First things first. Let me take a couple of lines to introduce myself. My name is Rusty and I have been installing fireplaces for about nine years now. You can read more about that in the "about us" section of our website. I have installed for shops as an employee, as an independent contractor and installing what I've sold. The # 1 issue that I see in all of these applications is BAD COMMUNICATION!!!. There are a lot of facets involved in the purchasing of a hearth product or barbecue. There is the technical side, the sales side, the install side and the service side of the process. With each of these individually there are a million moving parts involved. So, basically what I am saying is there is a lot of room for error on the side of the retailer to screw it up. That is why it is important to have each part of the process to be knowledgeable of their part of the process and to be familiar with the other parts of the consumer's experience. In the end, whether it is years of experience or green behind the ears, all the consumer wants to know is that they will be taken care of. The high btu output on their new product is nice but if we as retailers can't deliver what we promised then all is lost. The salesman sells the world and the installer comes out to deliver just a county; there is obviously something wrong here. The problem is where it comes down to handling the issue. All of the sudden that salesman that was practically at the homeowners front door is suddenly nowhere to be found. The installer is now standing there with his hands in his pockets and a red face apologizing profusely because he did his job according to his paperwork. I know, I've been there. The installer now leaves the house and the county has been delivered with the customer wondering when the world will be finished. This is where it gets real nasty; the salesman had a few days off with a couple of messages awaiting them upon their return.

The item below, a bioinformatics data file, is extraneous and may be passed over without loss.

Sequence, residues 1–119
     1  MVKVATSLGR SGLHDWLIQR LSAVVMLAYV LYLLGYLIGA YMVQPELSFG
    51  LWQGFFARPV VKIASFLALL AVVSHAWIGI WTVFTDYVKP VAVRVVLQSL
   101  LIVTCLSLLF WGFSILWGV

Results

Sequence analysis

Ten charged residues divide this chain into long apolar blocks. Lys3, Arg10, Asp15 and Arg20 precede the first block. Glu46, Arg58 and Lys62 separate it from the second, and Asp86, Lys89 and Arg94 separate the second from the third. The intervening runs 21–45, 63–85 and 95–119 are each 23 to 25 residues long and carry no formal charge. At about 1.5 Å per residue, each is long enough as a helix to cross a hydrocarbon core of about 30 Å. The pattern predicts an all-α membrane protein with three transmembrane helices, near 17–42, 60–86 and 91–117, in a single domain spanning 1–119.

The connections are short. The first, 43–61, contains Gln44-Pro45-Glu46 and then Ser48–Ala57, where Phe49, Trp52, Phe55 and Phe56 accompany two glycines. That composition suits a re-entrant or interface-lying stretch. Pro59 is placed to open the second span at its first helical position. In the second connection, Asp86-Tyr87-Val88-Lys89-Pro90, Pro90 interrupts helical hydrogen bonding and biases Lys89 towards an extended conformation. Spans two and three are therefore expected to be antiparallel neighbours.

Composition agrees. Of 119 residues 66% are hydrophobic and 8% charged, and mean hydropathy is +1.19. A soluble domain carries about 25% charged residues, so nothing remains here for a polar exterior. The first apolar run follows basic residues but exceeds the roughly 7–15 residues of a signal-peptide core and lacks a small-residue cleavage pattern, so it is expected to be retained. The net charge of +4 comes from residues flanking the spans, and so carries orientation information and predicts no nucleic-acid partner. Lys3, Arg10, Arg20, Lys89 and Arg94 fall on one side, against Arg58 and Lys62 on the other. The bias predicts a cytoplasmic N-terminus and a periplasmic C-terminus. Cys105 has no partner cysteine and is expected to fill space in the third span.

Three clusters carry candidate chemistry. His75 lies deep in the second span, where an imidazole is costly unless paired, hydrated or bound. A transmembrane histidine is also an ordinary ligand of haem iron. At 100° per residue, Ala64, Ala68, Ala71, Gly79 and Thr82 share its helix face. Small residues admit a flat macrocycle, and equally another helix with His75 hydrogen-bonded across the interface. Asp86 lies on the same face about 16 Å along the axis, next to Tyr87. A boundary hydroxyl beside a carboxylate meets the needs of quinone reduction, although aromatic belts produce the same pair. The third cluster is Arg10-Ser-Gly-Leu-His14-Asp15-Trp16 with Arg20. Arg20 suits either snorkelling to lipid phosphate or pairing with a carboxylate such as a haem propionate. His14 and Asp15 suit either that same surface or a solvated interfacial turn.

That is because the order takers who took the customers info while he was out didn't know how to handle the issue, hasn't been told to handle the issue and/or simply doesn't know how to handle the issue. The consumer's nightmare roller coaster has just begun. That salesman who is now back in the showroom fails to call the homeowner. Probably for the same reasons that the order taker didn't take care of it in the first place. A couple of days go by then the customer calls the shop once again and the salesman is "busy with a customer". The homeowner is thinking "I'M A CUSTOMER TOO!". Now they're feeling like they were a customer when it was time to collect money. Word to the wise: DON'T PAY IN FULL UNTIL COMPLETION. This tactic shouldn't have to be done but it will insure you get what you want. Now the salesman with his eyes closed calls the home phone number (knowing that there probably won't be an answer) during the middle of the day (knowing that they're probably at work) and leaves his sheepish and excuse riddled message. The customer then gets the message being calmed down a little bit just to start the "phone tag" cycle again. The customer now comes down to the showroom to "pin down" the salesman. Now the salesman looks like the installer did in their living room. The only difference is that the salesman is full of excuses not just apologies. The salesman then calls the "head honcho" so they can figure it out while the customer is waiting. They then use the tools on hand like throwing back refunds, giving free products/upgrades and/or even worse in store credit. I'm sorry, but after this experience I don't want to step foot into this place again. Has this happened to you? The problem is, further down the road the appliance or service provided has issues and the consumer now has a dilemma. Do I call the despised retailer or do I pay top market dollar to have it repaired? This should not be happening in any industry. There are tell-tale signs to weed out the good, bad and ugly.
First, look for shops that do it all "in house"; some say they do but they just use guys like I used to be, a sub contractor. You can get good, not the best service, if there is good communication and product knowledge between all parties. Another downfall is there is finger pointing between product and install issues. Second thing is past customer reviews; the internet is a good place to hear these reviews. The third thing is do they have a planned service program; this usually does cost the consumer money but it is a good way to judge the retailers commitment to their product and service. The fourth thing is warranties; does the shop have a warranty that goes beyond their competitors warranty. How is their product warranty? The fifth and final thing is product knowledge; a lot of times the salesman has "brochure knowledge" or you hear "I use to install". I'm sorry, two days doesn't cut it. You want to look for tried and true experience. Individual, not company certifications are a great bench mark for determining which shop to buy from. Hopefully, we at RCS Fireplace will continue to break the mold of the "buying experience".